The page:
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Thanks for your conversation with Dr. Krauss. He is a highly intelligent man and I appreciated his insight, even though he (like a great deal of the scientific community) left me vexed. I am a man of faith, and the offhand arrogance that comes across as enlightenment that seeks to dampen those with spiritual pursuits denies that those very beliefs have shaped them as well, like it or not.

Let me explain. We will divorce, for a moment, the thought of "is God real" and go with the notion that "god" is a man-made concept. Yes, from a certain perspective it would be the rationalization of "bronze age thinking in understanding the universe," but this concept also assisted in maintaining the species. At some point in our evolution there needed to be that divergence that elevated humans higher than the animals. The animals procreate and the animals kill. That's natural. That's instinct. Humans needed to make that leap. Why? Because unlike the animals, we had the capacity to think our way through our instinct.

Example: a wildcat kills a gazelle for the pride to feed. They are hungry, they kill, they eat. They do not kill all the gazelle, just enough to feed. Humans, on the other hand, have the capacity to see full townships, full regions of people as "enemies." We think our way into believing it would be best that their entire pack be destroyed, not just individuals. History shows this to be true. If that is the case, then there would be no reason for the opposing townships not to believe the same. In the end, the species would kill itself off (or come very close to it) because the animalistic and humanistic tendencies would be in conflict.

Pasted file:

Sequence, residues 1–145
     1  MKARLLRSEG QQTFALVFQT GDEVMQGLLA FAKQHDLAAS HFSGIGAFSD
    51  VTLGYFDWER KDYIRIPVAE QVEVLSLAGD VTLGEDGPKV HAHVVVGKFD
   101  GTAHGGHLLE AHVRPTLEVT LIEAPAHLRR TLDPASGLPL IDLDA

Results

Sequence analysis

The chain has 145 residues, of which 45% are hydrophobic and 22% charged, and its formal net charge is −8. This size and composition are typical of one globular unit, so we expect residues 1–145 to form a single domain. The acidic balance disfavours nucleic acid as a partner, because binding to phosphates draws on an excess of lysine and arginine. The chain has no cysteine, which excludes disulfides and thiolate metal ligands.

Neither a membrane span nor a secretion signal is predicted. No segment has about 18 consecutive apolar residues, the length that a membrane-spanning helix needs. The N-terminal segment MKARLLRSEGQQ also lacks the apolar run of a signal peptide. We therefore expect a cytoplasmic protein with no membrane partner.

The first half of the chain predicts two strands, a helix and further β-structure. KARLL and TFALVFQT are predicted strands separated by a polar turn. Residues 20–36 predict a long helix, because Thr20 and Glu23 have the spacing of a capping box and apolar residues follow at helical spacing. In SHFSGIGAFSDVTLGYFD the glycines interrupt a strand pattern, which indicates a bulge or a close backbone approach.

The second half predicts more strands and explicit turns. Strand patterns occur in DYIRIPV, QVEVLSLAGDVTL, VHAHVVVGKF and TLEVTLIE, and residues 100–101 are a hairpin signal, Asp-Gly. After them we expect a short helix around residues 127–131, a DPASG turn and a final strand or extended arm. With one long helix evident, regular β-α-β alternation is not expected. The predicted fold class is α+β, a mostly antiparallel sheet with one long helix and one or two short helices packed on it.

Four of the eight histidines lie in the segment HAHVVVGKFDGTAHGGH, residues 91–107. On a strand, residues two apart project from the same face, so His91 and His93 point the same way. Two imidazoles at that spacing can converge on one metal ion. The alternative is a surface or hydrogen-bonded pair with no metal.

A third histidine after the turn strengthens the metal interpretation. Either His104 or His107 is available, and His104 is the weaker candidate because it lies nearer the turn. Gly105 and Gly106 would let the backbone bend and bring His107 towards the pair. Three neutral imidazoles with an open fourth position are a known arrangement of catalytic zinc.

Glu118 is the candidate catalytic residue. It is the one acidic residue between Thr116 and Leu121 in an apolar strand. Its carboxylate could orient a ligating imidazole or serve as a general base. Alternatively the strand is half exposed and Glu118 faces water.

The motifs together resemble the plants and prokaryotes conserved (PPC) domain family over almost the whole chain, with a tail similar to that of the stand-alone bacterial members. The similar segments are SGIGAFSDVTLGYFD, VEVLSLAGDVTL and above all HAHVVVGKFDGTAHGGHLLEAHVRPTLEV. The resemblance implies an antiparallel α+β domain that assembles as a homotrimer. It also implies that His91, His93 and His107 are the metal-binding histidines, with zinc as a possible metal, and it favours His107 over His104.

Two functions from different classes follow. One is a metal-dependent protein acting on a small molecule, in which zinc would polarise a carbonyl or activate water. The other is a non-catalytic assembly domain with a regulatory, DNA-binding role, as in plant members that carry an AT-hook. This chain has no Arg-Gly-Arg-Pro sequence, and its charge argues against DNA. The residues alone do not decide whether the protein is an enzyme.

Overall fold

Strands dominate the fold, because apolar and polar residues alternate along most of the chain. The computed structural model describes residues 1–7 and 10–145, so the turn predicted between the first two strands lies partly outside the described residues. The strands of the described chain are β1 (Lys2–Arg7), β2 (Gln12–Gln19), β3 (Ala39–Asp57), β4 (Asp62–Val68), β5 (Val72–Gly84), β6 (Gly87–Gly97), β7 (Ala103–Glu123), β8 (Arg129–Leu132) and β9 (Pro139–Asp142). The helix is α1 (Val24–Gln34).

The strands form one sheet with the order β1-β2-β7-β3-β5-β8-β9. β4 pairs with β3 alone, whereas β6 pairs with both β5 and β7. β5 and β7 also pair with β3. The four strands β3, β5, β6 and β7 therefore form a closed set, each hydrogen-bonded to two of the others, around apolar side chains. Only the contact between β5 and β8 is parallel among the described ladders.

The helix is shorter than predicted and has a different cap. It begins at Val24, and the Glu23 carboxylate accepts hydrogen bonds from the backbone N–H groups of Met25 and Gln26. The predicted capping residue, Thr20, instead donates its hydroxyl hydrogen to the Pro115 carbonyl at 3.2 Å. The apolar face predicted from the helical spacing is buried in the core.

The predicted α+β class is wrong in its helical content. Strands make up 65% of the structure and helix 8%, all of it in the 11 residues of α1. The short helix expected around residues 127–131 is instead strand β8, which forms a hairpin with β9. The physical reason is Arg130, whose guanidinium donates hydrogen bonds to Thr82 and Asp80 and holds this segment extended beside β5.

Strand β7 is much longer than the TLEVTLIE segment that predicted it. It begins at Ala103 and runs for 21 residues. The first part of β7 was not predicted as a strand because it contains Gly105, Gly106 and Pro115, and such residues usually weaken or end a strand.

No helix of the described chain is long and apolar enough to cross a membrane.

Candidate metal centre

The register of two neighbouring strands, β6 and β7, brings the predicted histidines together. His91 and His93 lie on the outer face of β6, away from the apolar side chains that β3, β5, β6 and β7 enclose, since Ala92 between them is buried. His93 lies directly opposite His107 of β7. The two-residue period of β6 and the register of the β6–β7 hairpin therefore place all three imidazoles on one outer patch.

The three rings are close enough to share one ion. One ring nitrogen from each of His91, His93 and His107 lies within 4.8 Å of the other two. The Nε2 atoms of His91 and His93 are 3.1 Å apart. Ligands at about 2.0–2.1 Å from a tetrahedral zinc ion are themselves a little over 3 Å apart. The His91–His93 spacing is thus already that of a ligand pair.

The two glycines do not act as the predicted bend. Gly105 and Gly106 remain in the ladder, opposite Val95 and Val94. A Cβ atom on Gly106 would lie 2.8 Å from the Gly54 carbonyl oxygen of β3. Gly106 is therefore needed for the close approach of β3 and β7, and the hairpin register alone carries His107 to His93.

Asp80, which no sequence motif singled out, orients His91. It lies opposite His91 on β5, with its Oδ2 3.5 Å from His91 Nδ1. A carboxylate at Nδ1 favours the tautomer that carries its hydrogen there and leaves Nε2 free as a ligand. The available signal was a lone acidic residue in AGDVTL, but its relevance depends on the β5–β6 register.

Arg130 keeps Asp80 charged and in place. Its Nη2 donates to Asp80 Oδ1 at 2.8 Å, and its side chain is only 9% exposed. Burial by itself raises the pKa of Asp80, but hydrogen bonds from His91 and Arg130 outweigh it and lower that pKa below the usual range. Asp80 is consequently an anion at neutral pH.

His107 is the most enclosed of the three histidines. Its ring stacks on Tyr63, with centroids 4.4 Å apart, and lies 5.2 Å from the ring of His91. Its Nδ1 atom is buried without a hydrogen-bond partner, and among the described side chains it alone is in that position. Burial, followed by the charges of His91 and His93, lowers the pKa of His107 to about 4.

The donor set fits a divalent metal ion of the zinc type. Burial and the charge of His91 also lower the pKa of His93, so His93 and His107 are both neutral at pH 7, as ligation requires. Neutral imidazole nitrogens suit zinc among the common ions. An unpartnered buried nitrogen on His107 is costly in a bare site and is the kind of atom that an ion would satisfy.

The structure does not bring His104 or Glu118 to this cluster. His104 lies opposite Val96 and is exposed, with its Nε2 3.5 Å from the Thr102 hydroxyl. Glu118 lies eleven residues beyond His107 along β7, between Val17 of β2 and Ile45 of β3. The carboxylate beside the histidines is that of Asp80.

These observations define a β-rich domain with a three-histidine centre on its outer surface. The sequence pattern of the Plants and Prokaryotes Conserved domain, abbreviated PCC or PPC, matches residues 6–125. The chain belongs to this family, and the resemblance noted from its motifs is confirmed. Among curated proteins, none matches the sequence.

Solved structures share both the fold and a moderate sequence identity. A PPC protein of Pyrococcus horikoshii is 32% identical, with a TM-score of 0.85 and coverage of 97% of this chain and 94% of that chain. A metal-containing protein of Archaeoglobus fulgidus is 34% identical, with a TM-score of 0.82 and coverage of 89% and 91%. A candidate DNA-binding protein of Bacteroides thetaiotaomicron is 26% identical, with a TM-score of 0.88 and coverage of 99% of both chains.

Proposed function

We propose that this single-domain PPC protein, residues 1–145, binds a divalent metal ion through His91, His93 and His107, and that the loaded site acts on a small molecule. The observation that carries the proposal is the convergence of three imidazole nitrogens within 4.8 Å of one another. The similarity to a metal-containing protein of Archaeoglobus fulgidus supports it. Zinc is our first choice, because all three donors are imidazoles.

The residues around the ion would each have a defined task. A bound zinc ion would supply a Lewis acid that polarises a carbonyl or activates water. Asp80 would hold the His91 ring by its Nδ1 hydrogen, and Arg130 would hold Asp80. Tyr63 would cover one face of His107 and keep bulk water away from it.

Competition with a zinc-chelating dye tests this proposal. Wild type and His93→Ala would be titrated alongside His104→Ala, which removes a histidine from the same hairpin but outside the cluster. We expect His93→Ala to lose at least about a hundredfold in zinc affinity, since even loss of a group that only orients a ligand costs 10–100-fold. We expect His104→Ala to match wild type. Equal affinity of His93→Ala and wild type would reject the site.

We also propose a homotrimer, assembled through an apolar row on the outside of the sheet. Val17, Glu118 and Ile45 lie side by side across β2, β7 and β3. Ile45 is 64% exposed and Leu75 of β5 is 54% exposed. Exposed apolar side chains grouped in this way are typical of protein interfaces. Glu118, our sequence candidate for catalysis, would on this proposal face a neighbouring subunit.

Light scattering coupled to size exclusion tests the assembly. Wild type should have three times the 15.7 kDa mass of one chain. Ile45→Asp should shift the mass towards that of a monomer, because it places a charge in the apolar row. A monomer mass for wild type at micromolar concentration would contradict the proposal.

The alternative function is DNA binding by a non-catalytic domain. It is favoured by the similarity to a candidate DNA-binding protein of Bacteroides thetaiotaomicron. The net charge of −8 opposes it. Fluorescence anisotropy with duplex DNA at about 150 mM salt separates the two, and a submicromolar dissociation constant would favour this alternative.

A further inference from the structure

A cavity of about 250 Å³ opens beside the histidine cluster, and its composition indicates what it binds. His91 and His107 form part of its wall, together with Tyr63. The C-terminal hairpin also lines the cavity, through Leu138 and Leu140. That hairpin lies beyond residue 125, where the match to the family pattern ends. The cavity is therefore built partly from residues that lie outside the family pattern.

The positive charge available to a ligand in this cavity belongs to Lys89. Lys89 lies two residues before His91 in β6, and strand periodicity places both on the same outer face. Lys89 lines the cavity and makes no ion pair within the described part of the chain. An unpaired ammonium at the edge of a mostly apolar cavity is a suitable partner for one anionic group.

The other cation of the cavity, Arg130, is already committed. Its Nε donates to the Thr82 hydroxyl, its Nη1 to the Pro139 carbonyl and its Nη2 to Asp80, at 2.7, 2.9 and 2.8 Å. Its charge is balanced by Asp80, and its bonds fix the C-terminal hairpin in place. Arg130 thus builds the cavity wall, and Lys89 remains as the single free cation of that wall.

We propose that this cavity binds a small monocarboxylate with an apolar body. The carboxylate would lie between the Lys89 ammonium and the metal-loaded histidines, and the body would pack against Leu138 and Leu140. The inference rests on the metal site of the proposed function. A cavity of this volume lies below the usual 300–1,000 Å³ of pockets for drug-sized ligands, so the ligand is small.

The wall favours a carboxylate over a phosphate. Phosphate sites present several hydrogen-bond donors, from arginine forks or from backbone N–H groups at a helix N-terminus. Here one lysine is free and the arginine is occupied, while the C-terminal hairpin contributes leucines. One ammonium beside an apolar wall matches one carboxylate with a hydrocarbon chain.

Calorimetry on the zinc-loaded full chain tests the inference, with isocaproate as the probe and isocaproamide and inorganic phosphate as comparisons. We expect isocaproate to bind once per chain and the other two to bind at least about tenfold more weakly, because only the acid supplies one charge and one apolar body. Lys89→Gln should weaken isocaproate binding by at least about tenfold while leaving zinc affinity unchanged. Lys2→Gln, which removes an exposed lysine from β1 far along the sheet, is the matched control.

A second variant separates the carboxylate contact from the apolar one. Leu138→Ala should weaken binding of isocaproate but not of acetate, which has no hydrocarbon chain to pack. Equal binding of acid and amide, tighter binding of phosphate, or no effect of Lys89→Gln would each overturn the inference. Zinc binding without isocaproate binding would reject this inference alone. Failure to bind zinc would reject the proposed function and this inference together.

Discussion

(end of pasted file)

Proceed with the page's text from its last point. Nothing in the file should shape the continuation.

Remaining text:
God as a concept presents a fail-safe for the species. It is an outside force that sates "thou shalt not kill," theoretically impartial to one township over another. Because it is not just another human saying "I think thou shalt not kill" it is an edict over all. Without that, if it was just one "peacenik" saying you, that peacenik gets eliminated to further achieve the political goal. In a sense, the conceptual "god" has for centuries presented a reason to behave and not kill off our own with impunity.

Of course, we all all know of examples, even in the 21st Century, where that fail-safe has been superseded, but one cannot correct all the animalistic thought processes out there.

It is this notion of a heaven and hell, a god, or otherwise overseer of right and wrong that is separate from us that has fundamentally shaped our decision-making concepts over the ages; even among atheists. The idea that humans are above wouldn't exist without the conditioning experienced and integrated over time. Now, does that mean that science cannot explain away god? Not necessarily. But to claim out of hand that it was all just baseless fables for children, even though our race probably depended on it to keep us from killing ourselves into extinction, is to be short-sightedly dismissive.

I have my beliefs because I have felt things that I cannot explain through the rational. I can only square the circle through mystery. I will either have my suspicions confirmed one day, or I'll be dead and it just won't matter. But I am more likely to see a natural end than if the entire human race was conditioned to believe that there was no outside governance that forbade wiping us out with no consequences. It's just a thought.